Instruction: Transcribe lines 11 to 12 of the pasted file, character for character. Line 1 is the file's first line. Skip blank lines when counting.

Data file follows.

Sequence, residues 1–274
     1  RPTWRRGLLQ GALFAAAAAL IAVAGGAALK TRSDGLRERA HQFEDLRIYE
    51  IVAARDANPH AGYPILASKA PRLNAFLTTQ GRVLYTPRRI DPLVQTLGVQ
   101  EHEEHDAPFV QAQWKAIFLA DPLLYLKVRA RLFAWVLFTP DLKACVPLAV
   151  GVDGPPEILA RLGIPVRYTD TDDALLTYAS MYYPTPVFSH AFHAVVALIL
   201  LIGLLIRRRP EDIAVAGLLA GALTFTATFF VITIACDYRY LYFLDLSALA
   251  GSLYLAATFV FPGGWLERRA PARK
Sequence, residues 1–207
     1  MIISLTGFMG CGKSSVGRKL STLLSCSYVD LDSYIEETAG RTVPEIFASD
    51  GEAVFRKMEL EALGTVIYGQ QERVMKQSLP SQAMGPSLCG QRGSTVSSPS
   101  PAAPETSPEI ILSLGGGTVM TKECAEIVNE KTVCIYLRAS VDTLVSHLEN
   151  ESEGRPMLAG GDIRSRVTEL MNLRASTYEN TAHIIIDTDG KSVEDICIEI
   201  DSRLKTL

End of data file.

   101  PAAPETSPEI ILSLGGGTVM TKECAEIVNE KTVCIYLRAS VDTLVSHLEN
   151  ESEGRPMLAG GDIRSRVTEL MNLRASTYEN TAHIIIDTDG KSVEDICIEI